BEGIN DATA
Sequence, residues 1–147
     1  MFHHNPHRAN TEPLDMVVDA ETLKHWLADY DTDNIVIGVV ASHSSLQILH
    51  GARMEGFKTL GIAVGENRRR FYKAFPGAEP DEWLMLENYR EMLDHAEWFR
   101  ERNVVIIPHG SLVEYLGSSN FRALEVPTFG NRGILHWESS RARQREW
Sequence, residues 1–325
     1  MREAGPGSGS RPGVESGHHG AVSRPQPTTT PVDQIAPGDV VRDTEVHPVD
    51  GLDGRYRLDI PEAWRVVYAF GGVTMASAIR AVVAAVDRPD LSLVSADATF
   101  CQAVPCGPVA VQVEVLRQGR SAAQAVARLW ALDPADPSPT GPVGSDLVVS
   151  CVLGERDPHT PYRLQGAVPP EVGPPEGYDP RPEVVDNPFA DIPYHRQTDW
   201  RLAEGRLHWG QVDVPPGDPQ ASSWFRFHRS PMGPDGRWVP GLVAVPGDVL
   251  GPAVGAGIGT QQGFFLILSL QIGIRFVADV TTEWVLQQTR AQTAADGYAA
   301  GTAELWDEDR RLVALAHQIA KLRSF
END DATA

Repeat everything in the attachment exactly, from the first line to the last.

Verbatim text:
Sequence, residues 1–147
     1  MFHHNPHRAN TEPLDMVVDA ETLKHWLADY DTDNIVIGVV ASHSSLQILH
    51  GARMEGFKTL GIAVGENRRR FYKAFPGAEP DEWLMLENYR EMLDHAEWFR
   101  ERNVVIIPHG SLVEYLGSSN FRALEVPTFG NRGILHWESS RARQREW
Sequence, residues 1–325
     1  MREAGPGSGS RPGVESGHHG AVSRPQPTTT PVDQIAPGDV VRDTEVHPVD
    51  GLDGRYRLDI PEAWRVVYAF GGVTMASAIR AVVAAVDRPD LSLVSADATF
   101  CQAVPCGPVA VQVEVLRQGR SAAQAVARLW ALDPADPSPT GPVGSDLVVS
   151  CVLGERDPHT PYRLQGAVPP EVGPPEGYDP RPEVVDNPFA DIPYHRQTDW
   201  RLAEGRLHWG QVDVPPGDPQ ASSWFRFHRS PMGPDGRWVP GLVAVPGDVL
   251  GPAVGAGIGT QQGFFLILSL QIGIRFVADV TTEWVLQQTR AQTAADGYAA
   301  GTAELWDEDR RLVALAHQIA KLRSF